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Top journals give mixed response to learning published trials didn’t proceed as planned
Ben Goldacre has been a busy man. In the last six weeks, the author and medical doctor’s Compare Project has evaluated 67 clinical trials published in the top five medical journals, looking for any “switched outcomes,” meaning the authors didn’t report something they said they would, or included additional outcomes in the published paper, with …
science  journals  publishing 
february 2016 by amerberg
Editorial Staff Mutiny at Elsevier Research Journal
The entire editorial staff of an Elsevier research journal have resigned to protest the company's failure to embrace open access.
openaccess  science 
november 2015 by amerberg
Hindawi’s Profit Margin is Higher than Elsevier’s
Hindawi Publishing Corporation is one of the world's largest scholarly publishers -- and one of the most profitable. Interviewed in September, 2012, Ahmed Hindawi, the majority owner of the company, revealed, "Our results for the first half of 2012 show revenues of $6.3m with a net profit of $3.3m." A posting to the Budapest Open…
journalism  openaccess 
july 2015 by amerberg
“what objections do people have to posting their work on preprint servers like arXiv or bioarXiv? they're free and easy to use”
publishing  science  openaccess 
january 2015 by amerberg
Science Journal Pulls 60 Papers in Peer-Review Fraud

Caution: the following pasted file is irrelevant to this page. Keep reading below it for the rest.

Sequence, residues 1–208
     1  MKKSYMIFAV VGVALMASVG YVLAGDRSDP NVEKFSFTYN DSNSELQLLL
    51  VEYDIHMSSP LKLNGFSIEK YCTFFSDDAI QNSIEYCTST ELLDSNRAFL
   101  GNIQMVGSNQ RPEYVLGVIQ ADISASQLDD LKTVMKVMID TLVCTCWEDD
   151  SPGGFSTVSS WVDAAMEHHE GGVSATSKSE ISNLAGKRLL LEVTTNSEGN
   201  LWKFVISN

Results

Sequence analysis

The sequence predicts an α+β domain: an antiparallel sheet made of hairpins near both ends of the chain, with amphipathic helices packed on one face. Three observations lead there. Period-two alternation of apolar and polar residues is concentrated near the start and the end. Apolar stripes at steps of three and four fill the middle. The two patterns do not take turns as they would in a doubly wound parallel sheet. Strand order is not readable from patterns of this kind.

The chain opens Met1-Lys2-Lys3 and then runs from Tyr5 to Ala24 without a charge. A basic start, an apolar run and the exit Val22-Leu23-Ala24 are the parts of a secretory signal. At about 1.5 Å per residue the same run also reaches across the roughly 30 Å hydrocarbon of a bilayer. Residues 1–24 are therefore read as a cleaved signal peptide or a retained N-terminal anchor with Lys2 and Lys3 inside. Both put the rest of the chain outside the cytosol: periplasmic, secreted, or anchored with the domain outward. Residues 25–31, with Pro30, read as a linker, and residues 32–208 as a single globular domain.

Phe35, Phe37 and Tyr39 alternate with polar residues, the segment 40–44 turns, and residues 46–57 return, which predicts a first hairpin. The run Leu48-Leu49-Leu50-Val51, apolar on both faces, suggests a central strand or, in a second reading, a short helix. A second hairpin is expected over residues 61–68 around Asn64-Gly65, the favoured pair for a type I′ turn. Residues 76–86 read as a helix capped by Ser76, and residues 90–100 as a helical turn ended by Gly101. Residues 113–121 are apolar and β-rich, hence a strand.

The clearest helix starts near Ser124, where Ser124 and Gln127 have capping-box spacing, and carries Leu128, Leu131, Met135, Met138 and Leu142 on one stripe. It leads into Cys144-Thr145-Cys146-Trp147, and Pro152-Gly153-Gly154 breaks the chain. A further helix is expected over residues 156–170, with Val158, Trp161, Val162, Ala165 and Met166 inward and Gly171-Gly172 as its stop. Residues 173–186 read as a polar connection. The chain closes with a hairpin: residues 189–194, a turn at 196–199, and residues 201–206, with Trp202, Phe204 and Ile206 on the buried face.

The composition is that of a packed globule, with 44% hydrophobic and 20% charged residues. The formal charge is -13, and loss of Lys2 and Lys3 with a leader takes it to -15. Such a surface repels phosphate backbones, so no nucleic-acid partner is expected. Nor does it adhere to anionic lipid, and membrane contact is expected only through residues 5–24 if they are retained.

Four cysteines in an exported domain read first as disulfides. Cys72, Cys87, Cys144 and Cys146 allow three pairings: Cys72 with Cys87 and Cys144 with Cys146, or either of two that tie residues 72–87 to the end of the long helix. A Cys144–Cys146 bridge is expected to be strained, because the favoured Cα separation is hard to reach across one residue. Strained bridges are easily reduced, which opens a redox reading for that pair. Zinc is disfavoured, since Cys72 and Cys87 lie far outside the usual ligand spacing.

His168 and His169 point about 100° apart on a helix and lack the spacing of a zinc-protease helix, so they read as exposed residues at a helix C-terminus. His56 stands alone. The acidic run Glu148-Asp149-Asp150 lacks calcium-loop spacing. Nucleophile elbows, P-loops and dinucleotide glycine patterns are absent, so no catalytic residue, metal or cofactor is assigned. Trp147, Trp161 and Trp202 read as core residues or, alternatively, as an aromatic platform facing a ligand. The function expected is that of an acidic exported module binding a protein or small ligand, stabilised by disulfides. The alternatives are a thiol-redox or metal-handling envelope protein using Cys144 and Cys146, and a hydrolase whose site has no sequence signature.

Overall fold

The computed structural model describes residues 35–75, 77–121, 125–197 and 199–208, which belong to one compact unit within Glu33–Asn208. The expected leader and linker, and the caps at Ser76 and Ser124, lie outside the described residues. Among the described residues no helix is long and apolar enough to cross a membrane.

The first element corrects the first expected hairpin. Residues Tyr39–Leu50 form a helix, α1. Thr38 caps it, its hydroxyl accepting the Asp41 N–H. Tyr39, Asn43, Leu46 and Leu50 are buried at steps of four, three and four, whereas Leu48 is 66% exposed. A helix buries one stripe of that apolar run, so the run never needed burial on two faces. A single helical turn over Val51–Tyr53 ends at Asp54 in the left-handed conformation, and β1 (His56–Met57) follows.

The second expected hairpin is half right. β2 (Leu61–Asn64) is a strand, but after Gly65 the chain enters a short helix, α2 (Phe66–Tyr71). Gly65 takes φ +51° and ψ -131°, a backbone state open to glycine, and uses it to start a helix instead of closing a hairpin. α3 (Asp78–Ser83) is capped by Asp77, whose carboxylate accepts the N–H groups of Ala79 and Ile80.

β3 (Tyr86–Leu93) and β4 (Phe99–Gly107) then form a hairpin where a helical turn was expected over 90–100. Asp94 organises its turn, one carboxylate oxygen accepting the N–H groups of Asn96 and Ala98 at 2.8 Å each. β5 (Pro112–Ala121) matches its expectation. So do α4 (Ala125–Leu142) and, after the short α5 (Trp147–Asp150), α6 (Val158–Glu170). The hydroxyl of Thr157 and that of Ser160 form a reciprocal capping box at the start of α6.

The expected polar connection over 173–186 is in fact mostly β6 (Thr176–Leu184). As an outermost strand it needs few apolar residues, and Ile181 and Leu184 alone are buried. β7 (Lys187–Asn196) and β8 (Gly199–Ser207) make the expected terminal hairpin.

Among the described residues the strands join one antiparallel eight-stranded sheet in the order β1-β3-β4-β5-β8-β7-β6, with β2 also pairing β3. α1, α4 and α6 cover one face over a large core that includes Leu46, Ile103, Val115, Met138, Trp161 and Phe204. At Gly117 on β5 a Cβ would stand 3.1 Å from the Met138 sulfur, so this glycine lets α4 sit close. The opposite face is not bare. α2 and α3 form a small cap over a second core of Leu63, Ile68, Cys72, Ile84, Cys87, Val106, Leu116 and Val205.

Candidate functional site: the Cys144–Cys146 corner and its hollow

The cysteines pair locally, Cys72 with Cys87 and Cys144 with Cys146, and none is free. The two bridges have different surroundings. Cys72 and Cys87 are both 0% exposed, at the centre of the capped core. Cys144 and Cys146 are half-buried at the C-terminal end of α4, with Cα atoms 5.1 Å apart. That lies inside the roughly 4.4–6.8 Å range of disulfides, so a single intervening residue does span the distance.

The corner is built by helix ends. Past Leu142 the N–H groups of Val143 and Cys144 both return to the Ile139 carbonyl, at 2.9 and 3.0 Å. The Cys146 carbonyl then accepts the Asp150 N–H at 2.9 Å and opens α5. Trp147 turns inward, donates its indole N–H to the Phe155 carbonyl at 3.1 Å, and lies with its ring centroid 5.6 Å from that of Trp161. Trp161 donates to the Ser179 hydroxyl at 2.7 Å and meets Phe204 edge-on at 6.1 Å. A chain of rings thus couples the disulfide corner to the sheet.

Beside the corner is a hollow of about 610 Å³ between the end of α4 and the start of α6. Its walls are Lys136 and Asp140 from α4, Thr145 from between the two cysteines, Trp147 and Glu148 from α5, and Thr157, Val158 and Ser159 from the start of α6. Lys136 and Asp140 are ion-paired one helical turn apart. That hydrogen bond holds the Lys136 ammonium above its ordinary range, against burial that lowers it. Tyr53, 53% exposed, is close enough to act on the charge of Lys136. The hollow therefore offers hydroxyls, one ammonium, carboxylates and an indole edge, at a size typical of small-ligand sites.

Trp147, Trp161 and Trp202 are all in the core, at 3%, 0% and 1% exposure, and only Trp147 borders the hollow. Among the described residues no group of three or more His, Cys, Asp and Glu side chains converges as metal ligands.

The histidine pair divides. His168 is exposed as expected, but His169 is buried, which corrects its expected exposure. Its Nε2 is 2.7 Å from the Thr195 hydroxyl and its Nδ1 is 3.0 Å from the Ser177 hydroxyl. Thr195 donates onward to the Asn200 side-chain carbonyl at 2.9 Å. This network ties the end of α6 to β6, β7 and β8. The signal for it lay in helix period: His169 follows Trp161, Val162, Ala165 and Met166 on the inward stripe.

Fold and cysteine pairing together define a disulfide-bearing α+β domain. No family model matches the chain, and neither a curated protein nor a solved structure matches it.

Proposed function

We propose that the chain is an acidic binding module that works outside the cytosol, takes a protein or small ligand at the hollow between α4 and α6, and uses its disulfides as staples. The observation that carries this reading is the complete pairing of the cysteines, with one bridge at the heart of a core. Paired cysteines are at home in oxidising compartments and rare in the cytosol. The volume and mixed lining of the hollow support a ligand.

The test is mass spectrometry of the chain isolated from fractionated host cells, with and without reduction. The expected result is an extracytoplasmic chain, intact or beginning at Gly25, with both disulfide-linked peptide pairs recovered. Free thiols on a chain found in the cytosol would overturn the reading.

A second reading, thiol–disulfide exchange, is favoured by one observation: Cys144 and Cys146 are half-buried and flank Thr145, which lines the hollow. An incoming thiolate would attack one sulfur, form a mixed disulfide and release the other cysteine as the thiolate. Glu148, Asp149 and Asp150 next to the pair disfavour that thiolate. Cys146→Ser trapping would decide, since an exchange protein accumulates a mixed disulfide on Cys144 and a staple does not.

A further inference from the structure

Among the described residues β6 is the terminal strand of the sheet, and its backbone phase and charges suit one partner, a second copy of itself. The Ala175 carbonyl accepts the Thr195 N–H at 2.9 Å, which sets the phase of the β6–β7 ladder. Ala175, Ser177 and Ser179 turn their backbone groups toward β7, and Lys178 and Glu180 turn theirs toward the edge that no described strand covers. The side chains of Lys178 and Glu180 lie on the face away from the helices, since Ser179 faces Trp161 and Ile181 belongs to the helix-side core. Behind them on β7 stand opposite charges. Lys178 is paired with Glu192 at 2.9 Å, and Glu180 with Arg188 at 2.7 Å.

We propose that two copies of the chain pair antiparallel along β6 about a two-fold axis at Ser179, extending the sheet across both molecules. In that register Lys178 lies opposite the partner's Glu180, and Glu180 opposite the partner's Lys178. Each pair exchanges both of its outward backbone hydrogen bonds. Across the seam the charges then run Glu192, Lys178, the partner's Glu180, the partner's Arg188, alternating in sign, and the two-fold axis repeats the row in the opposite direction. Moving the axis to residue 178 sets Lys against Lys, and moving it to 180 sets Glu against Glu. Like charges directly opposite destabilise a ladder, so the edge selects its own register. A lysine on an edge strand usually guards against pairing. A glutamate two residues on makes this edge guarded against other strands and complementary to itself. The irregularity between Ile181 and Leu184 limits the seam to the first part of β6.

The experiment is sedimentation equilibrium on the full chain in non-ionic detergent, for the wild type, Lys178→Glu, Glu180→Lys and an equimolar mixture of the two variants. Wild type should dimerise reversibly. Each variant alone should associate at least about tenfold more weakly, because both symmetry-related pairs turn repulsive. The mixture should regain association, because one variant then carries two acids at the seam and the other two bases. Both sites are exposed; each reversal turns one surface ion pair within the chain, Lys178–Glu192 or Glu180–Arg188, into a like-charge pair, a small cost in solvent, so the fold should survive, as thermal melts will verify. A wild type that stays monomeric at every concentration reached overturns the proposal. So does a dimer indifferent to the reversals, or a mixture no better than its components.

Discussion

A researcher in Taiwan was accused of creating online accounts to judge his own academic papers in the journal called a “peer-review and citation ring.”
science  journals  publishing  fraud  retraction 
july 2014 by amerberg
Researchers debunk myth of 'right-brained' and 'left-brained' personality traits
Neuroscientists now assert that there is no evidence within brain imaging that indicates some people are right-brained or left-brained. For years in popular culture, the terms left-brained and right-brained have come to refer to personality types, with an assumption that some people use the right side of their brain more, while some use the left side more. Researchers have debunked that myth through identifying specific networks in the left and right brain that process lateralized functions.
psychology  neuroscience  journals 
april 2014 by amerberg
Doing the right thing: Journal clears unknowing author of plagiarism
Here's a nice case of a journal taking pains to clear the name of an author. Last summer we wrote about a case of plagiarism involving two authors from India who'd published a paper on biometrics in the Australian Journal of Forensic Sciences. Now -- seven months later, we'll note -- one of those authors…
journals  retraction  plagiarism  ethics 
march 2014 by amerberg
Thousands of years of visual culture made free through Wellcome Images
We are delighted to announce that over 100,000 high resolution images including manuscripts, paintings, etchings, early photography and advertisements are no
medicine  photo  openaccess 
january 2014 by amerberg
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